GWU admits that it tracked student, employee locations on campus without consent
A George Washington University pilot program 'used locational data tracked by Wi-Fi access points' to map student and employee movements on campus.
The university failed to inform the students and staff about the now-ended program.
The George Washington University's president publicly apologized Friday for a fall 2021 surveillance pilot program that tracked students' and employees' locations on campus without their consent.
"I write to inform you of a data analytics pilot program that took place on the university campus during the Fall 2021 semester, and to apologize on behalf of the university for the failure to inform you in advance of commencing this project," Mark S. Wrighton wrote.
The letter addressed the objective of the program, which was to collect data to institute a database that would highlight the use of campus facilities. The data mapped the density of campus spaces that would be used to meet the Safety and Facilities team's "operational priorities."
Sponsored by the GW Informational Technology (GWIT), alongside the Division of Safety and Facilities and the Division of Student Affairs, the pilot program used locational data tracked by Wi-Fi access points across the Washington D.C. campus to pinpoint the density of buildings throughout the semester.
The pilot program ran throughout the fall semester, however, the university failed to inform the community of its practices.
"[A]ny data collected and aggregated during the 2021 planning and pilot efforts in connection with this project that has not already been destroyed will be destroyed and no similar efforts will be undertaken until there is policy guidance that is adopted and fully communicated to the university community," Wrighton stated.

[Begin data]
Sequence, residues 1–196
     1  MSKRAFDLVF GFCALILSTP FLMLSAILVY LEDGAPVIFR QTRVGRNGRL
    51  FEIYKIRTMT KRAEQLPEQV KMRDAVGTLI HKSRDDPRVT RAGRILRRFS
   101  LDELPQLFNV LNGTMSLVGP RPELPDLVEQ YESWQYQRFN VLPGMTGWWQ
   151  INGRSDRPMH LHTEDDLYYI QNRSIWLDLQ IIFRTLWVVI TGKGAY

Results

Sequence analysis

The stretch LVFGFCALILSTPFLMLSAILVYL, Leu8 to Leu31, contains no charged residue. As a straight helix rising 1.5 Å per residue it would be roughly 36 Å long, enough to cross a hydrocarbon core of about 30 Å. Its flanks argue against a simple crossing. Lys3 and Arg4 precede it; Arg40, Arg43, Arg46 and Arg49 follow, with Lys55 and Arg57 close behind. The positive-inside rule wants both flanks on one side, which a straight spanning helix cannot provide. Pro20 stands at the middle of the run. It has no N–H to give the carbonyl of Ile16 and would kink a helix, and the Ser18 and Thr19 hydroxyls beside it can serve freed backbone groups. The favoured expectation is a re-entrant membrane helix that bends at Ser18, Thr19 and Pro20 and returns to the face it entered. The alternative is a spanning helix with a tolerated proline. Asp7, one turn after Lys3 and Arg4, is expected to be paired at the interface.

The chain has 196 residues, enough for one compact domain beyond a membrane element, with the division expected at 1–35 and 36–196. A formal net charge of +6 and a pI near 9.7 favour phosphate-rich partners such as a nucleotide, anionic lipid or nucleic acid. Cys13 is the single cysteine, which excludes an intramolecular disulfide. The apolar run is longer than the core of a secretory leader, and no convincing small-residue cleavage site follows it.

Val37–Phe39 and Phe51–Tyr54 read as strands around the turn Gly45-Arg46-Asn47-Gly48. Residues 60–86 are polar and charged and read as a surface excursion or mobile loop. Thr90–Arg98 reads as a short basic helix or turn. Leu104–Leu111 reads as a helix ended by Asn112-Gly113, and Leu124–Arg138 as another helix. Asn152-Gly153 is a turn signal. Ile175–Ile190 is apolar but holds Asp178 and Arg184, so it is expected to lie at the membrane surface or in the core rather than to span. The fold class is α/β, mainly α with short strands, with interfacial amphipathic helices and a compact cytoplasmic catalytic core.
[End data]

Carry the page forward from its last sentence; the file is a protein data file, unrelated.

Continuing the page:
The Division of Student Affairs had tracked student-connected devices to conduct an analysis of when the student population frequents campus buildings to garner a proximate utilization rate.
The data used deciphers to break down the data into aggregated groups, including gender.
Wrighton did note that the program only ran for one semester and concluded in December 2021.
In regard to concerns over potential privacy breaches, Wrighton affirmed that privacy was of "utmost importance" to the pilot.
"GWIT did attach descriptors to the data, so it was not completely anonymized," Wrighton admitted. "I want to be clear that even though the technical capacity may exist to track individuals across our campus, such a capacity was not utilized nor contemplated in this pilot and no individualized data tracking or movement across our campus was ever shared."
To quell concerns about on-campus privacy, Wrighton announced that the Provost will convene a policy committee of students, faculty, and staff tasked with establishing a university policy regulating data analytics and consent.
"The university is committed to maintaining the privacy of all personal information," Wrighton concluded. "The university deeply regrets that this project took place without proper review or safeguards and we will work to make sure that such an incident is not repeated."
Campus Reform contacted George Washington University for comment. This article will be updated accordingly.
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